CLA230 Lecture 3 Text Notes

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3 Feb 2013
CLA230 Lecture 3 Text Notes
Key Terms (Ch. 3)
- oikos: “house/family” – social foundation – includes slaves, close relations,
the house and its contents – basic concept consists of monogamous union of
man and woman to produce and rear legitimate children
- Sappho:
female poet who lived around 600 B.C. – very few female poets
studied for information on the female viewpoint on gender – celebrates
love and marriage as a woman’s primary concern
addressed some poems to other women, suggesting homoerotic love –
term lesbian comes from this; Sappho lived on the island of Lesbos
- misogyny: “hatred for women” – important theme in Greek culture – women
represented as an evil influence – i.e. Pandora
- Xenophon:
Athenian aristocrat and professional soldier
wrote about women around 400 B.C., describing a fictional
conversation between Socrates and Ischomachus
does not represent women as a punishment to men, in the way that
Hesiod did
believes that the gods made men superior to women – tough, more
disciplined, more suited to outdoors – therefore the husband is in
control – however marriage is about partnership (he and wife must
work together)
husband should educate his wife to contribute to the household in an
equal way to his contributions
- Aspasia: courtesan of Pericles – courtesan is ‘hetairai’ in Greek – bore
Pericles a child; he kissed her in full view of his fellow citizens and she
conversed with intellectuals
- Pederasty:
“boy-love” – part of the social environment of Greek society
homosexual behaviour between the mature sexually active ale
(erastes – “lover”) and the prepubescent passive partner (eromenos –
part of the environment of the Greek symposium, where prepubescent
males served wine and learned about adult male behaviour
shameful to remain an eromenos after sexual maturity – however it
sometimes still happened
- amphidromia:
“running around” – ritual for newborn children to bring them into the
community in a formal way
holding baby in his arms, father walks around the heath, presenting
the baby to Hestia
establishes the child’s legitimacy and future status as a citizen
friends and neighbours bring gifts of octopus and cuttlefish
parents hung olive branch outside the door if the child was a boy, and
a tuft of wool if it was a girl
smear walls with black tar to turn away hostile spirits attracted to the
bodily fluids of childbirth
- Hestia: goddess of the hearth – name literally means “hearth”
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-wife’s success in life was judged mainly by her ability to produce heirs – male
-males in literature often refer to sexual activity in marriage as “work” – to
produce heirs
-sex outside of marriage acceptable for males, but not females – however
adultery with a free woman was dangerous – her father/husband/brother/son
could kill the adulterer – usually the adulteress was spared
-poleis imposed heavy fines on adultery to prevent blood feuds
-in Athens – fine for adultery twice that for rape
-prostitutes – divided into two categories: ‘courtesans’ (hetairi) and ‘whores’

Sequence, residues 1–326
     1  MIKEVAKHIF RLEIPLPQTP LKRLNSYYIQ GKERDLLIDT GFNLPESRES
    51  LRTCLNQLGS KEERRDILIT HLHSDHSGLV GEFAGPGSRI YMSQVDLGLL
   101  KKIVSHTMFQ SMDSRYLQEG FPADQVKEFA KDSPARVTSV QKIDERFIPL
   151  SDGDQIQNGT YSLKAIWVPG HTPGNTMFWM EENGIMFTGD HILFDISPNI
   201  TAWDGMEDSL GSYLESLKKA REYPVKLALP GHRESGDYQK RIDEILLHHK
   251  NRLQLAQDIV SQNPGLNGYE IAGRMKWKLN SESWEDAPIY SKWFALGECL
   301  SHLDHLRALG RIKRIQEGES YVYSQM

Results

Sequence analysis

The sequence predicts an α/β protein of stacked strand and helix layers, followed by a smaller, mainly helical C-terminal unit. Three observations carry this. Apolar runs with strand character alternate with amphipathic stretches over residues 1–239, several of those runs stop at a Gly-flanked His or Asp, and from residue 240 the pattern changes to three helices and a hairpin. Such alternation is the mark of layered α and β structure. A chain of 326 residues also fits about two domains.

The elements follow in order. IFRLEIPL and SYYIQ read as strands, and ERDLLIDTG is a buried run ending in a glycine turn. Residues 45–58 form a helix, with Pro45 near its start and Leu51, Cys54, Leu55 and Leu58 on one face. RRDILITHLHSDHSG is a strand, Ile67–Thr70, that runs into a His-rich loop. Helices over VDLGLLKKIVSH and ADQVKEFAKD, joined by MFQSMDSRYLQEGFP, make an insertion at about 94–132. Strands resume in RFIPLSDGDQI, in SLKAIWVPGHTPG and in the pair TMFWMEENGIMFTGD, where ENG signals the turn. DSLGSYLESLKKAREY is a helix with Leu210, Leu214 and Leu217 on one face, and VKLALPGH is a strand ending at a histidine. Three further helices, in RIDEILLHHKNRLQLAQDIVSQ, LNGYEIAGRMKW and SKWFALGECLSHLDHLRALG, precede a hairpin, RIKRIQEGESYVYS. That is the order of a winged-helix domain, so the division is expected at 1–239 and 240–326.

-pederasty was common – Greek males having sexual relations with boys –
adult erastes introduce younger eromenos to the ways of polite society –
sexual and intellectual aspects
-much known about male sex life – about women, not as much
Adults and Children
-children were the center of Greek life
-birth and first few days of life were most hazardous for child and mother
-fathers had the right to decide whether to keep the newborn baby or expose
(left to die)
-appears that girls exposed more than boys
-unwanted children often were left in well-known slave trading areas – babies
would either die of exposure or were sold into slavery
-wanted babies, that survived the first few days, underwent rituals – most
important ritual was amphidromia – child is named at the fifth day festival, or
if family was wealthy, at a second festival, the dekate – tenth day party
-strong bonds formed between child and wet nurse
-children reared together until five to seven years of age – after this age were
-girls learned weaving and housekeeping skills necessary for when they would
-boys spent time in the field with their fathers – in wealthy families boys
received proper schooling – learned alphabet, memorized poetry (especially
Homer) and performed it with a lyre – schooling ended around fourteen years
of age
-fathers and older kin – controlled wild teenagers
-at eighteen boys became adults and were accepted as full citizen warriors
Key Terms (Ch. 4)
- fertile crescent: a band of well-watered land stretching from the Persian
Gulf in the east, northwest along the Tigris-Euphrates rivers, then down the
Mediterranean coast
- Neolithic Revolution: the charges that occurred (domestication of crops
and animals and shift toward sedentary village life) as settled populations
grew and hunter-gatherers had to settle down and join the farmers, move
away from them, or continue to live alongside them and perish of disease or
- Indo-European: a single family of languages that are all similar and likely
evolved from a single proto-Indo-European language – some languages in this
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